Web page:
There’s no denying that online business owners face more stringent regulations and rules than their traditional counterparts. However, these regulations and rules are necessary for the protection of consumers. After all, online business should be held accountable for the information it provides customers with. After all, one wouldn’t want a supplier selling a product to the general public and then continue to evade paying taxes on the profits. In fact, online business should also adhere to similar laws and regulations just like traditional companies with physical locations do.
In fact, online business must follow almost exactly the same legal regulations as traditional companies with physical addresses. License and permit fees are meant to protect workers and consumers. However, in the eyes according to experts, online business’ compliance is not entirely possible due to the difference in business models. Online marketplaces do not have physical storefronts like traditional brick and mortar stores do. Therefore, online sellers do not need to comply with various employment and other employment related legislation. On the other hand, online sellers do have certain restrictions. For example, online vendors cannot accept credit card payments.
Despite the absence of major legislation and restrictive legislation, online business still has certain obligations to adhere to. For example, online vendors have to conduct online business according to accepted online store standards. Also, online sellers have to conduct certain record keeping and accounting procedures as required by law.
There are many online businesses that are able to operate and flourish even though they don’t have any form of legal requirements. However, even online businesses that do meet some legal requirements encounter several challenges in terms of complying with these requirements. Lack of knowledge and understanding of these legal requirements often poses as a barrier to entry into the business. To avoid being a victim of these challenges, online entrepreneurs should consider hiring a professional commercial law solicitor.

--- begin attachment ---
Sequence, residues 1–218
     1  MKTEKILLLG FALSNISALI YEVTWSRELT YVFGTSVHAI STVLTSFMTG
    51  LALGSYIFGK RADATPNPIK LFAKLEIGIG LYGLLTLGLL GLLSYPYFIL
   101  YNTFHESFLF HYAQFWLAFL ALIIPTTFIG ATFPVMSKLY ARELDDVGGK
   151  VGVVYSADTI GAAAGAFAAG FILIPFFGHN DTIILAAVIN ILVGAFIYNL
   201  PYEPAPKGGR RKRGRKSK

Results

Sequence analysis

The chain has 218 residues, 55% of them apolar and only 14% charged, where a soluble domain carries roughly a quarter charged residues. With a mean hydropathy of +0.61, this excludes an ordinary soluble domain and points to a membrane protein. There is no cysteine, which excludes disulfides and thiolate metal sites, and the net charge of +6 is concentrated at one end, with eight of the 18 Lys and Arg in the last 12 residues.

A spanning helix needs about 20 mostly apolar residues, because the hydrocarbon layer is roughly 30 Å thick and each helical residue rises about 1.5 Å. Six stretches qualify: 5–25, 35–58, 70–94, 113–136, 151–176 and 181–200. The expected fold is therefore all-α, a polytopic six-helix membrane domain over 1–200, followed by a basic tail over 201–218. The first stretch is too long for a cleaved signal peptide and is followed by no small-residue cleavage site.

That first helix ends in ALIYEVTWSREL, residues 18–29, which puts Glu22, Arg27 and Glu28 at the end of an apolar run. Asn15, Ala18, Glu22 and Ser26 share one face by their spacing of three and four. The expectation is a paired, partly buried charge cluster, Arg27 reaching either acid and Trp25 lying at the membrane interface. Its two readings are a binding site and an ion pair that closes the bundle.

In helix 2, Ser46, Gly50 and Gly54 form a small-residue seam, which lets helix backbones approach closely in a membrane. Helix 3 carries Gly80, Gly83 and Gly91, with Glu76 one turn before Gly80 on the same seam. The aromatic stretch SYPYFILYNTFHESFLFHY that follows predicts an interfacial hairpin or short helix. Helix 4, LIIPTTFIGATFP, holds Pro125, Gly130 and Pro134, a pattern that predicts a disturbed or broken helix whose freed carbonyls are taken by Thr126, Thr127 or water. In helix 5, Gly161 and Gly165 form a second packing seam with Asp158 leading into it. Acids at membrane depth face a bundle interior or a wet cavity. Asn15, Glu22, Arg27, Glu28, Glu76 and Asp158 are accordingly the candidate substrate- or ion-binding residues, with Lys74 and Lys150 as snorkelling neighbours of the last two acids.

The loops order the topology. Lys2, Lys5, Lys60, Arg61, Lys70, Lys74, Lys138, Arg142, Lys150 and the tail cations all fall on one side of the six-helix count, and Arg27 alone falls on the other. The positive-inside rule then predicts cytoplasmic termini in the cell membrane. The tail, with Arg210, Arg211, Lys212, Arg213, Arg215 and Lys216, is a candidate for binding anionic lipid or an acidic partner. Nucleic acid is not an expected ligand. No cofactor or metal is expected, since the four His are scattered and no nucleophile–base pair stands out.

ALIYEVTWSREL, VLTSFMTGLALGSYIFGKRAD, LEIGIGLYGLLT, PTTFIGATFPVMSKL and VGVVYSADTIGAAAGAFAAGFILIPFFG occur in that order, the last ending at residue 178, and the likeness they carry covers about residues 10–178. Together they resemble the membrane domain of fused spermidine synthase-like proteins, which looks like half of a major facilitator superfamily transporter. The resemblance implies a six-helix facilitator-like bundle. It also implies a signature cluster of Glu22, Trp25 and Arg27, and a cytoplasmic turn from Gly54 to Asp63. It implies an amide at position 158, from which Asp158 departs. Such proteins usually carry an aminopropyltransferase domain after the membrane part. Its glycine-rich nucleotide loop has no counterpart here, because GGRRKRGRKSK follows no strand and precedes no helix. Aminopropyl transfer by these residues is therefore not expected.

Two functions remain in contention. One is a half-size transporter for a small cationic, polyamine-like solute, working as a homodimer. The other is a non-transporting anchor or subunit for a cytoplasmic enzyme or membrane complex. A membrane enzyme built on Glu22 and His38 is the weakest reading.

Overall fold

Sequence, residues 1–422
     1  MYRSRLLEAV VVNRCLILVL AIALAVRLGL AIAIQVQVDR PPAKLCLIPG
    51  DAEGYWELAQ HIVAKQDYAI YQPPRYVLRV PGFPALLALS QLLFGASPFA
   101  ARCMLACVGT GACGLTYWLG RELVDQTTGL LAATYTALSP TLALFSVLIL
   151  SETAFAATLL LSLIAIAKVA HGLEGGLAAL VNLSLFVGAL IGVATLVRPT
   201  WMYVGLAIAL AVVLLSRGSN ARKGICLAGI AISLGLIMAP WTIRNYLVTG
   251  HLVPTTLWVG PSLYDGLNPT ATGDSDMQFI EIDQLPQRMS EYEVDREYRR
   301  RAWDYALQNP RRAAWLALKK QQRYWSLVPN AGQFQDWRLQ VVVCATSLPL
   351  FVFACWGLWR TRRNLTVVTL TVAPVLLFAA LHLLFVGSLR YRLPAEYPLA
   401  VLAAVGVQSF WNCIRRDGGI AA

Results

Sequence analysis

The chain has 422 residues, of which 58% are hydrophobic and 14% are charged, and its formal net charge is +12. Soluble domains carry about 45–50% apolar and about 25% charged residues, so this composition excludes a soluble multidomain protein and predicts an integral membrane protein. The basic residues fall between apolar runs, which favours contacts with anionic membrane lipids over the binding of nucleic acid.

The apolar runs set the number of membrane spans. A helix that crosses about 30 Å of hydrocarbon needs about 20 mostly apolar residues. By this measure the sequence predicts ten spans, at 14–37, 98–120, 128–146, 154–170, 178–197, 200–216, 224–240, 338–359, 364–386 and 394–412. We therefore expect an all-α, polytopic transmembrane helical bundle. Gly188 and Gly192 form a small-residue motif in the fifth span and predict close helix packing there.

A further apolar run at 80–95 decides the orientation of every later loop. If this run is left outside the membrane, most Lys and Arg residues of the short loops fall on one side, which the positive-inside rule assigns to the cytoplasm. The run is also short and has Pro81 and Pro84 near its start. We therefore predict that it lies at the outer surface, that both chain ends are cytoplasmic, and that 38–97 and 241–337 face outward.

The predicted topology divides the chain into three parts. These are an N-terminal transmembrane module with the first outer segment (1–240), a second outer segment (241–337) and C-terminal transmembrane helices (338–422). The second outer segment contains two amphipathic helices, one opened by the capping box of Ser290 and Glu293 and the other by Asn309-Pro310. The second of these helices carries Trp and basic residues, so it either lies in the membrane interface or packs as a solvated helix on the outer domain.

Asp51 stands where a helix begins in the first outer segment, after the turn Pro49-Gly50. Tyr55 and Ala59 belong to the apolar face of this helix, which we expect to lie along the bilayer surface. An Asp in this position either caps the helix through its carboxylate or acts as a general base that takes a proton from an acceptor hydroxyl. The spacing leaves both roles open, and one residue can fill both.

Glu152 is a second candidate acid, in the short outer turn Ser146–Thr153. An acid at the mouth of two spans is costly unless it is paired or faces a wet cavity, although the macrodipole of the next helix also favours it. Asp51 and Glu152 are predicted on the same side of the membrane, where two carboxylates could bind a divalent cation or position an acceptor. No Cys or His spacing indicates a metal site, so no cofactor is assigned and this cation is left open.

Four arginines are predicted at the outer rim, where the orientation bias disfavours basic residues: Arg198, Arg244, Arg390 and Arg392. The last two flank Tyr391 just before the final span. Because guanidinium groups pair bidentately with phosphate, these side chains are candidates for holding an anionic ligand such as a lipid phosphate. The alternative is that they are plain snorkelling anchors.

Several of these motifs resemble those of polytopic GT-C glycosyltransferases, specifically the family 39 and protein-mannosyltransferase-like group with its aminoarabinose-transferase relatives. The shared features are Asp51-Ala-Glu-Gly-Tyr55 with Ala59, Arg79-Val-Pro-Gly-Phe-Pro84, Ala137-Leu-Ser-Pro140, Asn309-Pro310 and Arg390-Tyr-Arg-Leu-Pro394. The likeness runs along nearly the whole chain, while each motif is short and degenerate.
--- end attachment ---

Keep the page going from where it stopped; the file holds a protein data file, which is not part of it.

The solicitor would help online businesses understand whether their business is permitted or required to sell online using their product or service. Moreover, online entrepreneurs can also learn the relevant laws that apply in their area. It’s important to note that business license applications vary from place to place and state to state. Therefore, a professional commercial law solicitor can assist an online business owner make the right choices and decision regarding business license applications.
A professional commercial law solicitor can also help online business owners understand whether they have to pay any sales or use tax (which is commonly referred to as sales tax). Solicitor’s advice can be very helpful for online business owners who have questions about various aspects of sales and use tax. Specifically, they can assist the business owners in figuring out if the use of a particular item constitutes sales or use tax, and can also review zoning regulations for a business to determine whether it requires zoning permits. In addition, online entrepreneurs may need to determine whether they need to obtain permits to build on their land (a “Zoning Application”) before they can begin construction. Indeed, even after a business owner has decided on zoning requirements for his or her location, obtaining a Building permit can be a hassle. Professional commercial lawyers can help.
Online entrepreneurs may also face challenges if they wish to conduct business from their home, such as in home daycare services, home repair, online tutoring, and other work-at-home opportunities. Although there are no zoning restrictions in many states (which is good news for home-based business owners), homeowners may need to register their home with the local government (sometimes called a home address or home registration). In addition to dealing with local government agencies, online business entrepreneurs will likely need to consult with their accountant or tax preparer, as well as the local home-use zoning restrictions association.